If we’re being technical the concept of cloud computing goes back over half a century when in the 1950s mainframe computers served applications to thin clients. But if we’re focused on the definition and success of today’s cloud architecture, no spring chicken either, you’d have to point to companies like Salesforce.com and Dropbox and their respective evangelizing as a driving force to what we see today.
With the economic pay-off being felt by end users the naysayers have largely been silenced. Now, users are exploring other uses of the cloud as ways of squeezing more from IT budgets while ensuring company data is preserved. One emerging application is cloud disaster recovery. For cloud users poised to add new functionality, here’s a checklist of considerations:
Cloud disaster recovery (CDR) is also known as disaster recovery as a service (DRaaS or RaaS). The name is less important than what it does. Amidst the most extreme situations, when a data loss episode may occur, cloud disaster recovery quickly recovers company data, ensuring that once power and internet are restored users can resume operations with data intact.
It not technology for just the big boys, either. One of the biggest benefits of cloud and virtualization technologies is for the small and midsize organization, who, today, have affordable options to protect and easily recover critical systems and data in the event of disaster or site outage.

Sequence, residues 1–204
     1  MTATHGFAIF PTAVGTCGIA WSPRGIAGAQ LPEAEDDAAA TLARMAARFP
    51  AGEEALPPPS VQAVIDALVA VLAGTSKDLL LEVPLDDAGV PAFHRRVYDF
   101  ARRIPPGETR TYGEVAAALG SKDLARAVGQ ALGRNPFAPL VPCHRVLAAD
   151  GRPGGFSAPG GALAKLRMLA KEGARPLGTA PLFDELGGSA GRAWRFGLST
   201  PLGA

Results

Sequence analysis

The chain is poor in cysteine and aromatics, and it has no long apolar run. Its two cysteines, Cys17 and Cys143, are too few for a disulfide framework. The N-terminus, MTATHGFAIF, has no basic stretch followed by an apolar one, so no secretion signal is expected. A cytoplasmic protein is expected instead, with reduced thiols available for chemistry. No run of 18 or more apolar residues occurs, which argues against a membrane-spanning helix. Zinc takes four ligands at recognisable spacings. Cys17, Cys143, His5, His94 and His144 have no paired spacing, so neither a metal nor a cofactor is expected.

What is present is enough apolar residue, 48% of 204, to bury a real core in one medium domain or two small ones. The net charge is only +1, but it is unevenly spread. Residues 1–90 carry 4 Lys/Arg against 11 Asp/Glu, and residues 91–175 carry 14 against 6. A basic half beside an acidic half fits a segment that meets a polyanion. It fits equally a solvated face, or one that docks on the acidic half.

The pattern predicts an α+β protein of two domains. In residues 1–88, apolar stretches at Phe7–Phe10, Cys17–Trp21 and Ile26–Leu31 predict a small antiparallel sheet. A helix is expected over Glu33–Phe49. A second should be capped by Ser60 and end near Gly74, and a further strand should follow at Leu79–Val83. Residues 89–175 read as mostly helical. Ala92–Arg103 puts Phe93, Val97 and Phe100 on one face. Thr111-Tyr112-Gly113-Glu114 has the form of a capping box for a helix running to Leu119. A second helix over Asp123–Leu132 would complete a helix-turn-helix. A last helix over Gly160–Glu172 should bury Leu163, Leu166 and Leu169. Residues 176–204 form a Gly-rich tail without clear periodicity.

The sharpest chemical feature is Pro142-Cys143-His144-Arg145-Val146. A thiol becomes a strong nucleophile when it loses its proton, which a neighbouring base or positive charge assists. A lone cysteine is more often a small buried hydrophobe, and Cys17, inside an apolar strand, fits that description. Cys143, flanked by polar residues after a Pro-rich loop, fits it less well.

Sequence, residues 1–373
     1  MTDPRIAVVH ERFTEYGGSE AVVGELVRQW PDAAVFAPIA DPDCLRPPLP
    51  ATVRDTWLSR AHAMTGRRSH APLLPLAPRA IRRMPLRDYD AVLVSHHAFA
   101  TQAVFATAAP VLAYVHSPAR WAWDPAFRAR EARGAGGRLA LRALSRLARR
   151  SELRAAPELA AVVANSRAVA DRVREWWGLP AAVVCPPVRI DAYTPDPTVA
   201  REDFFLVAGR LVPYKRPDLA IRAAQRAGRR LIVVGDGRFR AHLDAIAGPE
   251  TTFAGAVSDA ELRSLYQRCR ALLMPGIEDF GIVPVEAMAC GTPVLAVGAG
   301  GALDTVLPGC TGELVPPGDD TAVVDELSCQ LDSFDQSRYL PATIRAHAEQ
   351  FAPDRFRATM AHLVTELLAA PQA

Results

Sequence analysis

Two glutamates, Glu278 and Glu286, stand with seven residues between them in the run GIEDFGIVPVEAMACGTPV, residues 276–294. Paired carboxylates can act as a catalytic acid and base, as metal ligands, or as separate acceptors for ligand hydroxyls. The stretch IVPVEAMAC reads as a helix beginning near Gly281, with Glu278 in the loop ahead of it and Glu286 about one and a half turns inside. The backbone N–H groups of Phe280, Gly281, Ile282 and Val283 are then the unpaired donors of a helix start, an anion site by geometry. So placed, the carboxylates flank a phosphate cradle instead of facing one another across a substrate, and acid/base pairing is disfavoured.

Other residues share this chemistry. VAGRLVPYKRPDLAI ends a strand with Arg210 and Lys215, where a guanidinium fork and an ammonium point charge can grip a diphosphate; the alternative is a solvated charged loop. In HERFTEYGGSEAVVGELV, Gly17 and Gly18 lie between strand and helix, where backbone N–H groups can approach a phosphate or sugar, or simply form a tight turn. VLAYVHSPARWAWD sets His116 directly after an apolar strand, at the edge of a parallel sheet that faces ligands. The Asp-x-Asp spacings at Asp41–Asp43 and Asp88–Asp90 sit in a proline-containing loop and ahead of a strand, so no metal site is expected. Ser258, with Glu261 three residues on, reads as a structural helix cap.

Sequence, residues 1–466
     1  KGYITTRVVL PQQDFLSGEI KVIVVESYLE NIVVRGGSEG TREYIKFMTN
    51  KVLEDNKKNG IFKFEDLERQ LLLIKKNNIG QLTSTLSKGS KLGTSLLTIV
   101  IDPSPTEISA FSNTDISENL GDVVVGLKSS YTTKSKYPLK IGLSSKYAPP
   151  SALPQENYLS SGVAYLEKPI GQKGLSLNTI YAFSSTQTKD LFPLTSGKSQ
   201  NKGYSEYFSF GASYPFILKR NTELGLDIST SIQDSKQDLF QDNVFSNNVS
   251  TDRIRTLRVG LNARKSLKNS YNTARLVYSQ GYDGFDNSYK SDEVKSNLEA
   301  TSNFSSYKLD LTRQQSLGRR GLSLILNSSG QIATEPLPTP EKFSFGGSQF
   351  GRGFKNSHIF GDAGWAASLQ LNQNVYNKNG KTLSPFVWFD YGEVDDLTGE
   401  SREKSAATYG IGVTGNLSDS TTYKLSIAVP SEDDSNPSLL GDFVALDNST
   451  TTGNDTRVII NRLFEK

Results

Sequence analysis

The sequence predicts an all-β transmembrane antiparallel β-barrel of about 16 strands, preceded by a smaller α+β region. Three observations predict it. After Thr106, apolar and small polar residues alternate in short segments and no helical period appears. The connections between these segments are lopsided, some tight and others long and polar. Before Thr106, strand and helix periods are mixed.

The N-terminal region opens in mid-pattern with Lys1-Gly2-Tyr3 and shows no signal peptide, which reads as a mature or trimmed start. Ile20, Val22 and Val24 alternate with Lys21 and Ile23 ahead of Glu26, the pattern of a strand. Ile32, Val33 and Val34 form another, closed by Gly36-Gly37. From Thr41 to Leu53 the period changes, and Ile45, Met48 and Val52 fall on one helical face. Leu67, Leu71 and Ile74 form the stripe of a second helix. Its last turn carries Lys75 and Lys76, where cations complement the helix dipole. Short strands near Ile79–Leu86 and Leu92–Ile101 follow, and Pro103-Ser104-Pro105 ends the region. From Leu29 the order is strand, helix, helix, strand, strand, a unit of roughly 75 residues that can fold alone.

And while cost is an important part of the investment, it’s not as simple as being funded from a healthy working capital or operations balance sheet (CAPEX vs. OPEX). Today’s CDR also gives organizations the option to manage disaster recovery planning and processes internally or outsource it completely if they have the resources and expertise in-house.
Further, CDR enables organizations to be more business IT resilient. If scheduled server maintenance or office power is out for the weekend, CDR offers users the option to proactively failover to the cloud during the planned outage.
Not all clouds are created equal – some are considerably less secure, reliable and dynamic than others. So an obvious drawback of CDR is that, if you don’t do your research, you can end up with a provider that doesn’t cover all your bases. For this reason investing in expertise is equally important and should not be underestimated in the decision making process. Users without experience in planning, testing and recovery of data (all necessary onboarding steps) must establish a relationship with a partner that does.
But further to these is an awareness in standards still being developed and an assuredness that providers under consideration know them backwards and forwards. Credentials relating to standards such as SAS 70 compliance and tier levels would indicate you’re dealing with a competent provider.
Security is another aspect to consider. Because cloud-based services must be managed and operated at equivalent levels to enterprise systems the data must be properly encrypted both in motion and at rest. The physical locations of the cloud must be secure, and the business processes must be appropriate to the data and usage. For all these reasons it’s critical to make sure providers are stressing security.
Once those constraints are satisfied, cloud storage is no more or less secure than physical storage, and the chance of data leakage from cloud computing is no higher than that of physical on-premise storage.